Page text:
Faith as the Way of Coping with Tragedy in The Life of Pi
In the novel Life of Pi by Yann Martel, Pi Patel too uses his faith in God as a vital coping mechanism to survive in the vast Pacific Ocean. His faith in God proves to be a crucial part in Pi’s survival as it guides him through his ordeal. Pi, a religious individual uses his knowledge of religion to cope being stranded alone on a lifeboat with no other sign of human life. Therefore, Pi uses his faith in God to obtain the strength and willpower to survive, for companionship and to seek important answers.
Pi Patel uses his special faith in God to obtain the necessary strength and willpower to survive independently in the vast Pacific Ocean. For example, when Pi is stranded alone in the limitless ocean without any significant help at hand, he turns to a being much more powerful and resourceful than himself in order to cope with the situation at hand. When Pi creates an orderly list of the things which are available to him for survival purposes such as the 12 solar stills, 1 survival manual and 1 signalling mirror, he includes “ 1 God” (Martel 145-146) into this list. Adding the term ‘1 God’ into a list of survival essentials which are present with Pi throughout his journey clearly shows that Pi finds it a necessity to have God with him at all times in order to survive.
Like the other items on the list which keeps Pi alive throughout his ordeal, God also keeps Pi alive by giving the continuous supply of strength and willpower for Pi to carry on. Furthermore, Pi says, “Even when God seemed to have abandoned me, he was watching. Even when he seemed indifferent to my suffering, he was watching. And when I was beyond all hope of saving, he gave me rest. Then he gave me a sign to continue my journey” (Martel 184). This proves the fact that God was always present in Pi’s heart and mind throughout his journey. Pi uses God’s presence to gain physical and mental strength as well as the willpower to continue in his horrific journey. In Pi’s mind, not only was God present with him, but God also saved his life by giving Pi inner peace and indications to continue his journey. When Pi was at his breaking point, God gave him the strength and willpower to continue towards his survival.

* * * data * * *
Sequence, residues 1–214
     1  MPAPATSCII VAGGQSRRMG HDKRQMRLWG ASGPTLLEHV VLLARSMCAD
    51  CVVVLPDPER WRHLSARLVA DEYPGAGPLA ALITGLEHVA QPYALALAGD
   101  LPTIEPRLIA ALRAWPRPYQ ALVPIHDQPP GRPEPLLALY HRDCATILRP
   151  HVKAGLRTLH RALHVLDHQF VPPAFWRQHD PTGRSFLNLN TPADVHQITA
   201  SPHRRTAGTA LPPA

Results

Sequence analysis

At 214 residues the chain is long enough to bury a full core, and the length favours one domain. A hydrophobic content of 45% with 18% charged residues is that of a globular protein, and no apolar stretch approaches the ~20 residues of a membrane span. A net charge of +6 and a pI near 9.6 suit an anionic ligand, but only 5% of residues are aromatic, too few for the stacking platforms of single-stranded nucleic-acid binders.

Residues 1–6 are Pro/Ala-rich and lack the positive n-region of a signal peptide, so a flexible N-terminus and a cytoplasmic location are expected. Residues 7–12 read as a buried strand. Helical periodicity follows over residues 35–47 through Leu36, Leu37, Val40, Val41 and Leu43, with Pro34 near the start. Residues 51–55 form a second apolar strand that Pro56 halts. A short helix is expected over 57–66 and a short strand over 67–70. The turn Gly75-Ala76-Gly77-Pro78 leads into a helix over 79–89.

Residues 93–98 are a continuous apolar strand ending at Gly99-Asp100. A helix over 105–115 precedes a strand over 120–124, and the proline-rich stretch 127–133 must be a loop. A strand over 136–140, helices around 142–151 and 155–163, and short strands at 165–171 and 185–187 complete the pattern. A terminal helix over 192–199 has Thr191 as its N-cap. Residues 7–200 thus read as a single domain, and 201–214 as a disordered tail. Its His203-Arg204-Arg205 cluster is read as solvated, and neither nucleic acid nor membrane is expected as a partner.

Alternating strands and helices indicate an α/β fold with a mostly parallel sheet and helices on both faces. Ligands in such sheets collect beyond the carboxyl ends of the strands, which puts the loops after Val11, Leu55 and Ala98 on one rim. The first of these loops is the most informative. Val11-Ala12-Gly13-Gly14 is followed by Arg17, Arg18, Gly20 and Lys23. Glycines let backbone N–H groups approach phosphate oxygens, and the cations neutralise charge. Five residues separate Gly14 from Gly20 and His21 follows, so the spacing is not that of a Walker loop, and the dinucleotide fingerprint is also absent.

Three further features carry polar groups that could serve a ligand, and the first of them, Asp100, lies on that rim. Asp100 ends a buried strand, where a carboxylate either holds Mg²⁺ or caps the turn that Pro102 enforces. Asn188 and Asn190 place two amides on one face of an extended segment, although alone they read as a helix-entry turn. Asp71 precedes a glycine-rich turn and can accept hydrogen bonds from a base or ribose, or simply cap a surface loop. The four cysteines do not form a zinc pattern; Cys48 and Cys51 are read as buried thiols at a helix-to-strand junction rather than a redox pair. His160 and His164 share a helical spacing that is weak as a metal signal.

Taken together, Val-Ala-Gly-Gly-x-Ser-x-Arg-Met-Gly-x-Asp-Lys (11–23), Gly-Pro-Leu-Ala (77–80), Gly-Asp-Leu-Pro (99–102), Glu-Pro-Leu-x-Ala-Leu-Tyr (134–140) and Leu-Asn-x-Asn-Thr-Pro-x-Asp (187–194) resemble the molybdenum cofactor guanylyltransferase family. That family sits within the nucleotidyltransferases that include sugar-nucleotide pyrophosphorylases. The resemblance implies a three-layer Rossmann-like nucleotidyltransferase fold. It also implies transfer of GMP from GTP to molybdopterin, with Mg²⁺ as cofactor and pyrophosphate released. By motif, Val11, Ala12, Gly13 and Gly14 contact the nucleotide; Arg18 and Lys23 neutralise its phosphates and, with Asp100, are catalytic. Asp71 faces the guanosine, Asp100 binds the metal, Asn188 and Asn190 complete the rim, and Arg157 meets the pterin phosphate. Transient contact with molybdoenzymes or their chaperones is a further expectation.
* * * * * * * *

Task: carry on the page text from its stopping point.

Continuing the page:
In addition, Pi says, “Mindful practice of religion slowly brought me back to life” (Martel 3). Pi explains how his constant but careful practice of religion slowly revived him during his time at sea. While at sea, Pi still carried out religious rituals which were essential to Pi’s survival as he obtained the confidence and strength to continue. Pi also states that, “ Religion will save us” (Martel 27). Pi emphasizes on the fact that religion will ultimately be the deciding factor between life and death. Without his staunch faith in God, Pi would not have gained the willpower required to prevent him from meeting his demise at sea. Research suggests that 43% of US citizens use prayer for health concerns (Wachholtz and Sambamoorthi 69). These people used the power of prayer to gain the strength and willpower to regain their health. Therefore, Pi’s strong faith in God gave him strong will to survive as he prays during his ordeal to gain in strength because he believes that God is with him.